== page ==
Just a few days after my departure from the White House, I received a call from Eric Trump and his wife, Lara Trump. They were calling me together from Mar-a-Lago to check on me. Lara said, “You know how much we love you, how much DJT loves you. The first thing he said to me on Thursday night was, ‘Where is Omarosa? Is she okay?’ He wants to make sure you’re okay and taken care of. I’d love to have you on board the campaign.”
She was calling on behalf of the president to offer me a senior position on his 2020 reelection campaign. I expressed my gratitude to Lara and asked her to send the details of the offer over in an email, which I received soon after. I called to share the news with my husband, who expressed incredulity.
Treating someone with love and kindness after abuse is a classic cult tactic. I felt myself being manipulated, but refused to allow that to happen.
Before ending the call, Lara mentioned a recent article about my departure in the New York Times by Katie Rogers and Maggie Haberman, where they reported, “Mrs. Newman said in the Good Morning America interview, ‘I have seen things that have made me uncomfortable, that have upset me, that have affected me deeply and emotionally, that have affected my community and my people. It is a profound story that I know the world will want to hear.’ . . . [Mrs. Newman] had been trying to raise ‘grave concerns’ about an issue that would ‘affect the president in a big way.’ Former and current White House officials said they were uncertain what she was referring to. . . . The woman who cultivated a reputation as the ultimate TV villain is urging viewers to stay tuned to find out why she really left.”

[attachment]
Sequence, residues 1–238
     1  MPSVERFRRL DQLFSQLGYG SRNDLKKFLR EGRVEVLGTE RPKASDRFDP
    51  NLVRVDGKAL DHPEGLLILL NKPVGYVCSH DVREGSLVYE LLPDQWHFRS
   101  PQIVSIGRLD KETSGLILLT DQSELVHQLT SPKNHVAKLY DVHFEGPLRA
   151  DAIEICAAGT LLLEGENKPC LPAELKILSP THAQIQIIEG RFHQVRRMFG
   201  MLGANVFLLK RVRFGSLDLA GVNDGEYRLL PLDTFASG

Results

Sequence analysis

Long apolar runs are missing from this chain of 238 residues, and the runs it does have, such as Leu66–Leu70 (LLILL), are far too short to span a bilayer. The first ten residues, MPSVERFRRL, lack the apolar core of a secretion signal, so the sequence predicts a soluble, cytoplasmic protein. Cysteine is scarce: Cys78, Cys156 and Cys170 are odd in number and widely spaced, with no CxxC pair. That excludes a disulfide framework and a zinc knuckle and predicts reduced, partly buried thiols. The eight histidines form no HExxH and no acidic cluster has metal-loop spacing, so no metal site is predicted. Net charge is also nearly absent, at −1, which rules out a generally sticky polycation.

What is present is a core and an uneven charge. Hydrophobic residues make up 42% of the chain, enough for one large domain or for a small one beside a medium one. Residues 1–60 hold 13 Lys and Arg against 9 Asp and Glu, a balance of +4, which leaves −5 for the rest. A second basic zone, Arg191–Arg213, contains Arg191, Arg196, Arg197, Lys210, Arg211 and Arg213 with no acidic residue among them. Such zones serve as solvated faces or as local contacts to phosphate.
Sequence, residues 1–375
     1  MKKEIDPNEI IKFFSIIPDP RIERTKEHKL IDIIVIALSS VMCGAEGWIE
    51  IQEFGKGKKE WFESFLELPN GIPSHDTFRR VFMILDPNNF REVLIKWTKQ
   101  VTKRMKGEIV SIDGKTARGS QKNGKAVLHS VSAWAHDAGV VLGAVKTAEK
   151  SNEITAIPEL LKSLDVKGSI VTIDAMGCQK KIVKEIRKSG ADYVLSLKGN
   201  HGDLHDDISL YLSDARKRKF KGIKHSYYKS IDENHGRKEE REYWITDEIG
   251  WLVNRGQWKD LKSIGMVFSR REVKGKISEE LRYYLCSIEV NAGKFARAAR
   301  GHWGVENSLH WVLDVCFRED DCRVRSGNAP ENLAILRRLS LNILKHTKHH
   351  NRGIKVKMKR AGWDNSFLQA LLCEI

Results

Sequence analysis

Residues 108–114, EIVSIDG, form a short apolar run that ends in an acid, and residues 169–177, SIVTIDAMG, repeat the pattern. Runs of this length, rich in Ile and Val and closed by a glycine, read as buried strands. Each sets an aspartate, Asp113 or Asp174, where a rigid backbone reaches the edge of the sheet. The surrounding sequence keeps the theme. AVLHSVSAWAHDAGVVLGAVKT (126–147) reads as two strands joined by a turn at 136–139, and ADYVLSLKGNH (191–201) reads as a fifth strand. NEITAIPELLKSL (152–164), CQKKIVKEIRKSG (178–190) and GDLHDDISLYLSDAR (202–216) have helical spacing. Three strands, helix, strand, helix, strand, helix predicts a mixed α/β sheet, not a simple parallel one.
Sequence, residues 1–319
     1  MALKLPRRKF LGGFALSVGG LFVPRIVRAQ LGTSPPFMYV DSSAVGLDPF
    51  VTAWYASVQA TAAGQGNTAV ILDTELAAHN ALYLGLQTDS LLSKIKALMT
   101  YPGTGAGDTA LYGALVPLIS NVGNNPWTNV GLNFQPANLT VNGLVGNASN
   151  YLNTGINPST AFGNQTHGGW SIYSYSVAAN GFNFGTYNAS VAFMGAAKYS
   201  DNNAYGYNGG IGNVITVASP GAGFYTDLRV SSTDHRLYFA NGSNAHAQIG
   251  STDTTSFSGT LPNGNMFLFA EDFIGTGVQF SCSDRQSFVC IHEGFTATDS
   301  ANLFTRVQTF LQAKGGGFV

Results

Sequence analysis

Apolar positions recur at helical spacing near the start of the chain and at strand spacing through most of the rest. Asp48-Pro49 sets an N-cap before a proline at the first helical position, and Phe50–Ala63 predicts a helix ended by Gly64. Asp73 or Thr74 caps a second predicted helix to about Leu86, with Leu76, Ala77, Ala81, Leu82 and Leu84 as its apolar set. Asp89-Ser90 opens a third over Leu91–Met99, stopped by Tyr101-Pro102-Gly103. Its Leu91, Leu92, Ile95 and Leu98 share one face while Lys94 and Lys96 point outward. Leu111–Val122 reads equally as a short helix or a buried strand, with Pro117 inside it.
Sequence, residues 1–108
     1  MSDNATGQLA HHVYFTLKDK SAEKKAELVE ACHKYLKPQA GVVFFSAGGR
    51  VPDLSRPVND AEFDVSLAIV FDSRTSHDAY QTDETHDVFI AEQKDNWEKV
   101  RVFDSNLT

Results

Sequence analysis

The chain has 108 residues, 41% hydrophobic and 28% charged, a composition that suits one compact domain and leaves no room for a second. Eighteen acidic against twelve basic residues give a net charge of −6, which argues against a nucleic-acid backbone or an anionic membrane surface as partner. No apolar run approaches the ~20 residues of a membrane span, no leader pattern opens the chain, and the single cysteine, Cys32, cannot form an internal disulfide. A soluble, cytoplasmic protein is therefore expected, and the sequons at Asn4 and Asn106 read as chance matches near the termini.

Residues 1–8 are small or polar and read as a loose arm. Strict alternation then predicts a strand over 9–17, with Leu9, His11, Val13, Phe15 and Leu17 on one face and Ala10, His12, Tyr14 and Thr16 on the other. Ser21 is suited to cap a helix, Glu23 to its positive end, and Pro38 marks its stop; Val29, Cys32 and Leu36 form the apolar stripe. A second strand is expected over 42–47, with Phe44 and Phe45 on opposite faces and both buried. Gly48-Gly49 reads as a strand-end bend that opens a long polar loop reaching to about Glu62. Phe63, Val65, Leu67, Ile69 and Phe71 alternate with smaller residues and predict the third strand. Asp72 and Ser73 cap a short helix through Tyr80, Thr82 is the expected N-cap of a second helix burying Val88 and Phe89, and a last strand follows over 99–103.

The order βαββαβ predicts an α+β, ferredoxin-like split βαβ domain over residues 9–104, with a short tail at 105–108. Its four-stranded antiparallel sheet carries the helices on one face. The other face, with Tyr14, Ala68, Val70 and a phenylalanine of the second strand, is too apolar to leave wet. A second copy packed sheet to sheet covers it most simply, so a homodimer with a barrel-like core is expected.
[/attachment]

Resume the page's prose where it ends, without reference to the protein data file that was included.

Lara continued, “That’s something you can’t tell people about,” she said. “If you come on board, we can’t have you mention that stuff.”
In the moment, I believed she was referring most specifically to The Apprentice–era N-word tape. Or was it the nearly fifteen years of Trumpworld insider information I was privy to?